Autumn, the Best Season to be a Personal or Private Chef? Here’s Why.

French-born Chef Gregory Czarnecki has been called the “Picasso of the Plate”, known for his locally sourced but stunning dishes. After traveling for years, he’s currently the head chef at Waterkloof, an innovative restaurant in South Africa that sources directly from a biodynamic winery. Eschewing conventional fertilizers, all plates are filled with organic and fresh from the land products.

In an interview with Fine Dining Lovers, Czarnecki explained that all his meals come down to three words: contemporary, minimalistic, and French. Presentation and flavor go hand in hand; while presentation “creates the mood” of the dish, the dish itself, he insists, must be full of hearty, natural flavors.

His favorite ingredients? Artichokes, celeriac and quince, “all three of [which] are grown in Autumn, which is [his] favourite season” for developing “very subtle, elegant flavours.”

The Uglier Side of the Weather Changing

While autumn offers plenty of inspiration for chefs like Czarnecki, the restaurant industry as a whole may be less fond of this time of year. Autumn marks the opening of the holiday season and foretells a stretch of colder weather, both of which cause changes in dining habits.

In general, people tend to eat out less during holidays: up to 61 percent of restaurants experience a decline in profits. The cold and decreasing daylight hours also have a negative impact on consumer spending.

The good news? Personal and private chefs might actually benefit from seasonal decline. While it’s true some holidays may disrupt working schedules for chefs, it is equally true that, in general, whatever season, people liked to have things prepared for them. A recent survey by CNBC estimates that up to 90 percent of Americans don’t like to cook. Even during holidays and family get togethers, consumers may opt for pre made selections, rather than heat up the stove.

Personal and private chefs offer exactly what consumers are searching for: hot meals, without the effort, and without the wasted time and hassle of traveling out in the cold during a busy holiday season.

The Season of Increasing Profits

As less consumers spend on eating out, personal and private chefs need to take advantage of this season to actively seek clients and advertise their services.

The National Retail Federation, which tracks consumer spending, explains that the holiday season can “make or break” small businesses; this principle can apply to personal and private chefs just as easily.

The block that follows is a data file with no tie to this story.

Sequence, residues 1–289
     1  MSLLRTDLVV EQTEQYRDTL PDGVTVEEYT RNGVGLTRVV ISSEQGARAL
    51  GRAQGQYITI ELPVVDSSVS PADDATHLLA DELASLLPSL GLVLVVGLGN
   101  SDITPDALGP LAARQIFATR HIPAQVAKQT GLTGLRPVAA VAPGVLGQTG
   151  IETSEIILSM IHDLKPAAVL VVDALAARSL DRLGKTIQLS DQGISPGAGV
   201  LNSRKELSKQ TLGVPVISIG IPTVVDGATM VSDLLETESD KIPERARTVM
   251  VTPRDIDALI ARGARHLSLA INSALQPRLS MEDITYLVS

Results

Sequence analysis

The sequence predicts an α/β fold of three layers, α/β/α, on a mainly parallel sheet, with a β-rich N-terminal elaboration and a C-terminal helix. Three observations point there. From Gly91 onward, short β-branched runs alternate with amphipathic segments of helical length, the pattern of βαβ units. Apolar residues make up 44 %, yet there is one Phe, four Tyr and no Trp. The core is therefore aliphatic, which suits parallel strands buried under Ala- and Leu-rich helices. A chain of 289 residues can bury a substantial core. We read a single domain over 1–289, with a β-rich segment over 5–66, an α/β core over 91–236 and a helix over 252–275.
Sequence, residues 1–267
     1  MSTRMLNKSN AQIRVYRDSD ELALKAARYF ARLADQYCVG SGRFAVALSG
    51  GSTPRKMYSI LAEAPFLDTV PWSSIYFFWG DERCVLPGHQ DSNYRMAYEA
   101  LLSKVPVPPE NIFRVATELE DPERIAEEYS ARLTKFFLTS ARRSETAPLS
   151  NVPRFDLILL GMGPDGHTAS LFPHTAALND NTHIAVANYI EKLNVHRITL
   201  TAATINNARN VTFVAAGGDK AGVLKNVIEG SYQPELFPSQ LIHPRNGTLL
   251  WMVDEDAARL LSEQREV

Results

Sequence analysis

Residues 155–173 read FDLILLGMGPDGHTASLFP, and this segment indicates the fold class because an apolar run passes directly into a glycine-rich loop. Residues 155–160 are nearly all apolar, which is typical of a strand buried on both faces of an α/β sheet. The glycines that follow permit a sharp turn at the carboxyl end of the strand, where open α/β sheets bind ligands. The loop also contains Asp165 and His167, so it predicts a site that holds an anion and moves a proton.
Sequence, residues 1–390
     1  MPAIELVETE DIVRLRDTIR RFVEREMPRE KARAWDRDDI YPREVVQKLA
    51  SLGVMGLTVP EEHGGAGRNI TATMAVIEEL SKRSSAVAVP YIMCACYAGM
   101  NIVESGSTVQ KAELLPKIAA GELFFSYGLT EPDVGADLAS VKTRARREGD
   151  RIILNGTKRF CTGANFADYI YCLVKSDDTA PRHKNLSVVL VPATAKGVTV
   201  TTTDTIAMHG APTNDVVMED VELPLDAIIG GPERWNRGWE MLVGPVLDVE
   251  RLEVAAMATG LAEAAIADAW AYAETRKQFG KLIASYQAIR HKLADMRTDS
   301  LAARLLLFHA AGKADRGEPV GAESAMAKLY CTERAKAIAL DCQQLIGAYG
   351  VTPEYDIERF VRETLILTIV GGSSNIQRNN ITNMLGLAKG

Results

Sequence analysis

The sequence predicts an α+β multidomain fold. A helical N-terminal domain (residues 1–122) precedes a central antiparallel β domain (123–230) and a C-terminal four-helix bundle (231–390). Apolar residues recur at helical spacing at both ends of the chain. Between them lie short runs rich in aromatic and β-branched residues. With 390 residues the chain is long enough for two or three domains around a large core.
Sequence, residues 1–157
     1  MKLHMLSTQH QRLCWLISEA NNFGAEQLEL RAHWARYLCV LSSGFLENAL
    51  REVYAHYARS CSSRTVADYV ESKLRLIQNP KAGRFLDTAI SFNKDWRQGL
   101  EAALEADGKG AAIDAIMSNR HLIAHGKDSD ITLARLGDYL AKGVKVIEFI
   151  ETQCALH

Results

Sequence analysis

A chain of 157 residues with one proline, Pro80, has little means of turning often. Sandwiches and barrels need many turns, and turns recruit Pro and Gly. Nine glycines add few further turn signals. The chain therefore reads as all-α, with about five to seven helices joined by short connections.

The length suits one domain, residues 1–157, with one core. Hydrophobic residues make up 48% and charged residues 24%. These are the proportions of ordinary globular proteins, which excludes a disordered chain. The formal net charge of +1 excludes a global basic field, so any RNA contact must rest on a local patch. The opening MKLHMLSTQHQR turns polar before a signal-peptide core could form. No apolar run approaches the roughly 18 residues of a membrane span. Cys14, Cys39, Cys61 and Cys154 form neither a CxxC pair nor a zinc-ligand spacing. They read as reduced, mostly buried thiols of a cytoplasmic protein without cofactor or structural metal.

But actively seeking customers is only the first thing private and personal chefs need to do as the leaves change. Here’s a list of autumn-specific business moves to make the most out of the season:

Make Produce the Centerpiece

Fall lends itself to hearty and rich flavors, in part because it is a plentiful season for endless options in terms of fresh produce. Apples and pumpkins are favorites, but also look for cranberries, brussel sprouts, persimmons, pomegranates, sweet potatoes and turnips. All of these are great complements to roasted chicken or turkey, or as a full meal in of itself, like balsamic sweet potato pasta, turnip and potato patties with warm apple salsa, or penne with brussel sprouts and pancetta.

Offer Cooking Lessons

Many people don’t like to cook because they don’t know how. And even for those who don’t care to learn, autumn may tickle their fancy in hopes they can master holiday favorites before the big day. Offer one on one lessons, or even lessons for the entire family as a special deal. Check out these tips on how to teach cooking lessons that are both accessible and fun.

Refresh your Spice Cabinet

Now is the time to check your spices and seasonings to make sure they’re at their freshest, and add some new ones to the mix. Have nutmeg, cinnamon and cloves? Add ginger, fennel, allspice, dried orange peel, and licorice root. Now’s the time to combine sweet and heat, with spices like turmeric, curry powder, paprika, cayenne, and blends, like the Ethiopian berbere.

Fall in Love with Color

Match the vibrancy of the changing leaves by offering colorful and seasonal plates. Balance the creamy orange of pumpkins, squash, and potatoes with dashes of scarlet or yellow. Add sprigs of herbs to liven up a beef stew. If nothing else, follow these tips for colorful plating.

 

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